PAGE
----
The President has two more speeches to give on this subject but I doubt that he will address the real problem problem here which is that the federal government has slowly become the biggest predatory lender in the country. The simple fact is, as Matt Taibbi points out, we now have a system in which universities can charge what they want and the federal government will lock young people into massive loans for an eternity to pay for it. Loans that can not be discharged in bankruptcy but can tally up penalties and interest rapidly. Loans that are immune from Truth in Lending requirements. Loans that can destroy people’s lives by using powers that private lenders simply don’t have. Loans that make more profit for the federal government than they ever did for industry. The situation is so bad that even Taibbi is capable of seeing the truth:

Bottomless credit equals inflated prices equals more money for colleges and universities, more hidden taxes for the government to collect and, perhaps most important, a bigger and more dangerous debt bomb on the backs of the adult working population.

I believe that the federal loan system has poisoned the education system. It has allowed naive young people take out six figure loans for useless degrees. It has bypassed all the consumer protections we have out there. If a private industry did this, they would be in prison (well, maybe not, given how the Obama Administration has dealt with the crooks in the mortgage industry).

Don’t fix federal loans; end them. Let private lenders subject to the same laws as everyone else take over. Let universities loan money and scale their reimbursement to future earnings of their students. In short, give the lenders and the schools a financial interest in providing a useful and affordable education. Because right now all the interests are aligned toward screwing the students, the taxpayers and the professors in favor of university administrators, big education lobbyists and politicians.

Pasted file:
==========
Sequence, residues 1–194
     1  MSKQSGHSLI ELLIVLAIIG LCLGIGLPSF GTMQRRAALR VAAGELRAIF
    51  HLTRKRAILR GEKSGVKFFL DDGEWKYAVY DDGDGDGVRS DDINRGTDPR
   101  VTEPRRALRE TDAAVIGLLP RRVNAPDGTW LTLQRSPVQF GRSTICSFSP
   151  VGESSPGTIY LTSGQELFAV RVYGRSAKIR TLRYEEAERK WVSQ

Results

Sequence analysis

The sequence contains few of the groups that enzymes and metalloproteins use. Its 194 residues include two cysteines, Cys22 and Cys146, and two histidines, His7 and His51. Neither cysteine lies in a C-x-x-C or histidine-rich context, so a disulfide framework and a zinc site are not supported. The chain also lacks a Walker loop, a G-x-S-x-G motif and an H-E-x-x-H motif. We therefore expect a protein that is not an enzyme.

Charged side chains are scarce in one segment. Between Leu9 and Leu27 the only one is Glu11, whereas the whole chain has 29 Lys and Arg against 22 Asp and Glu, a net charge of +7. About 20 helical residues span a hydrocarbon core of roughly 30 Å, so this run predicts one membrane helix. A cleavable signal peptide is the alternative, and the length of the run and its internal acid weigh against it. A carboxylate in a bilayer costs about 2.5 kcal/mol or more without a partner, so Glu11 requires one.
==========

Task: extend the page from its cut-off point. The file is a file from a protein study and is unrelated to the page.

Our Shrinking Debt

This is good news:

U.S. debt has shrunk to a six-year low relative to the size of the economy as homeowners, cities and companies cut borrowing, undermining rating companies’ downgrading of the nation’s credit rating.

Total indebtedness including that of federal and state governments and consumers has fallen to 3.29 times gross domestic product, the least since 2006, from a peak of 3.59 four years ago, according to data compiled by Bloomberg. Private- sector borrowing is down by $4 trillion to $40.2 trillion.

So how can this be with trillion dollar deficits? Well, the private sector and non-federal public sectors are unravelling a tremendous debt bubble that built up in the last decade. Consumer debt is down by $1.3 trillion. Short term corporate debt is down by 55% as well. This isn’t as good as corporations need to borrow to grow. But for that much debt to be unravelled without a complete economic catastrofuck or massive inflation is remarkable.

It’s also helping with the national debt. Because consumer debt is so far down, the treasury has the loan market pretty much to itself. So all our borrowing is coming at low prices, despite the S&P downgrade.

I expect things to change soon. With debt down to much more manageable levels, people will start borrowing again. And if we can get control of federal finances, that will make borrowing even cheaper for private interests. Four years ago, I said that our economy would not move until we’d unravelled the tremendous debt we’d built up. We’re on our way to doing that, thankfully.

Happy 2012.. We are going to have some harsh times ahead